Yu Darvish Was Excellent After Trade to the Tinkering Dodgers, But Cubs Want Him to Be Himself

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Yu Darvish Was Excellent After Trade to the Tinkering Dodgers, But Cubs Want Him to Be Himself

Chicago Cubs

Earlier this week, Jed Hoyer jumped on 670 The Score to talk about a number of important topics revolving around Cubs Spring Training, but one comment stood out to me above the rest.

When asked about how the Cubs would prefer Yu Darvish’s to use his unusually large arsenal of pitches, Hoyer was cryptic, but admitted that, in general, the Cubs prefer their pitchers to be comfortable using all of their pitches, even if one is, individually, not as strong as the rest.

Basically, Hoyer believes that random, unexpected pitches (in moderation and strategically deployed, of course) can put doubt in a hitters’ mind, and better set up the more elite stuff for later in the count. “Making sure a guy uses his entire arsenal is really important,” Hoyer concluded. Point noted.

Chris Gimenez, Darvish’s former catcher and current front-runner for the Cubs back-up catcher gig, mentioned something similar about Darvish, in particular, from last season: “I heard [the Dodgers] took his breaking ball away from him [Darvish threw just three curveballs in the World Series after throwing the pitch 6 percent of time during the regular season]. I can understand, it’s not like his slider, but it does effectively set up other pitches. I watched him pitch in the World Series, and it wasn’t necessarily him.”

In reality, the Dodgers increased the usage of his curveball during the regular season, but, as Gimenez points out, almost entirely eliminated in the playoffs. But that’s not all the Dodgers asked him to change upon reaching LA. Once he was with the Dodgers, they asked him to change a LOT about how he pitches, including his arm slot, pitch mix, and the rhythm of his delivery.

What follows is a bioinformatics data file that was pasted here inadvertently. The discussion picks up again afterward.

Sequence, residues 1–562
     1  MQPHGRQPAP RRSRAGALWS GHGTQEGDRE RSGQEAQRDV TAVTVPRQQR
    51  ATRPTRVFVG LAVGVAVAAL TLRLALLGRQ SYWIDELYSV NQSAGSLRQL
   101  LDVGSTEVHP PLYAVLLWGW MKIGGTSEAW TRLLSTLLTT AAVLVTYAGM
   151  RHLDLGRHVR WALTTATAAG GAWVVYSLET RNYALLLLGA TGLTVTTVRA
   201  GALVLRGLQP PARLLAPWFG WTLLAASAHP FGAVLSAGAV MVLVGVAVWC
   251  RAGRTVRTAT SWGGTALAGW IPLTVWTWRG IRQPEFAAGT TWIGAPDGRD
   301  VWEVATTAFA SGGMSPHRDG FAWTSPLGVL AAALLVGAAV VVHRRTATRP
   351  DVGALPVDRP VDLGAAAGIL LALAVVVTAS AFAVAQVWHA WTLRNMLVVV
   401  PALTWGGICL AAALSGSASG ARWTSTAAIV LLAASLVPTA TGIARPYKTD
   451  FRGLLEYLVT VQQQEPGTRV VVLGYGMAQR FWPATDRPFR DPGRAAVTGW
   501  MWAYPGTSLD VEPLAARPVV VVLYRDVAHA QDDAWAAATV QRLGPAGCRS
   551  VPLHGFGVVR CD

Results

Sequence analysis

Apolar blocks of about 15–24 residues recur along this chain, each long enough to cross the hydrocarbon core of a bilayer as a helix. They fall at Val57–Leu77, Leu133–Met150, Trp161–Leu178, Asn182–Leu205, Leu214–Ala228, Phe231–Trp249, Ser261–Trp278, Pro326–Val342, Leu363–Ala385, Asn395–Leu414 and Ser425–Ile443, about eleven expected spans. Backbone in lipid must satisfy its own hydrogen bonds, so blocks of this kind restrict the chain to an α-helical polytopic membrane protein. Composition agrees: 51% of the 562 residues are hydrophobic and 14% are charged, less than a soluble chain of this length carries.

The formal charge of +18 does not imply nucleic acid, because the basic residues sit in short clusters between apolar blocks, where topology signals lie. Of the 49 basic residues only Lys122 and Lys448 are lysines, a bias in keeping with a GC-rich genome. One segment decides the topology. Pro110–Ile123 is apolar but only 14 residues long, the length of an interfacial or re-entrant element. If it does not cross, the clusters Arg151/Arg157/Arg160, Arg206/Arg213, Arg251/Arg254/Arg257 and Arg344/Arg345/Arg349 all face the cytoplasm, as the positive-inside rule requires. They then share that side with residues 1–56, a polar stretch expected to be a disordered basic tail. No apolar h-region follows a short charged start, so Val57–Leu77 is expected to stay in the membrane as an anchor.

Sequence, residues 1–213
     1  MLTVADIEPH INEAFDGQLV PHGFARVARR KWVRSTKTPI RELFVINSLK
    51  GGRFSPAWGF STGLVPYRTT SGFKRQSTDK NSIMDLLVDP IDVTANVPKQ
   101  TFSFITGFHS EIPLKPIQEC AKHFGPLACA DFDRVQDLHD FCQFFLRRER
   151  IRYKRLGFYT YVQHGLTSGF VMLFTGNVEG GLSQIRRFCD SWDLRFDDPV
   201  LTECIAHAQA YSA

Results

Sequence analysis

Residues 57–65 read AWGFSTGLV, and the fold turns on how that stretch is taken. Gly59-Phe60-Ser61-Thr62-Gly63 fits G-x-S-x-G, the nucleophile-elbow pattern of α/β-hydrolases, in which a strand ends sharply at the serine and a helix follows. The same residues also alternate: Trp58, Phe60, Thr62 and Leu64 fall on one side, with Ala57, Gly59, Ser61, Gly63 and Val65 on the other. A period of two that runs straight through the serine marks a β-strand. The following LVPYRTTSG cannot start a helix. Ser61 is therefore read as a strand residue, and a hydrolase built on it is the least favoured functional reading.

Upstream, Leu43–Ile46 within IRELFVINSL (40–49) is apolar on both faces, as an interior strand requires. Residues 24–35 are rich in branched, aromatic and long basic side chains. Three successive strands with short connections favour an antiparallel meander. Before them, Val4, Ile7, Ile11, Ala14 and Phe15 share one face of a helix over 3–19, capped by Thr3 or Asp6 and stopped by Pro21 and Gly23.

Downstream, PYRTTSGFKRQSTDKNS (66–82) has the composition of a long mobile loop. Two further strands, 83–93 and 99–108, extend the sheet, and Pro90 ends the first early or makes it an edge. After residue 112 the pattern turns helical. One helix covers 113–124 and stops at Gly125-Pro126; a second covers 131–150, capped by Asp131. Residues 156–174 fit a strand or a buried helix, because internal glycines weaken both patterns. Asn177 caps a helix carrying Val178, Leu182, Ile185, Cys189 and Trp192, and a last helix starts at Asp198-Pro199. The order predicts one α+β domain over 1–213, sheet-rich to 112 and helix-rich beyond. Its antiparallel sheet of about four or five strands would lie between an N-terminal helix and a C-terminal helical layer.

“At the team hotel in Manhattan,” wrote Andy McCullough of the Los Angeles Times, “Darvish met with general manager Farhan Zaidi, who advised him on how to attack that night’s hitters. Zaidi opened a laptop and revealed how Darvish could optimize his arsenal, altering the locations and pitch sequences he utilized during five seasons with Texas.” Indeed, there’s an entire FanGraphs article detailing everything they suggested he change, which, according to Darvish himself, was everything but his “beautiful face.”

At first, Darvish was skeptical of the changes, but he put his faith in the Dodgers, did what they suggested (manager Dave Roberts said he followed the plan exactly) and produced pretty darn well in L.A. because of it.

(Photo by Elsa/Getty Images)

With the Dodgers (9 starts, 49.2 IP), Darvish earned a 3.44 ERA (3.38 FIP), with a stellar 30.2% strikeout rate, 6.4% walk rate, and .234 batting average against. Those are really, really good numbers, all of which were significantly better than what he posted in the first half of the season with the Rangers.

And as we pointed out, the Dodgers continued to tinker with Darvish’s pitch mix and overall strategy throughout the year, culminating in what may have been a mistake to limit the usage of his curveball in the postseason.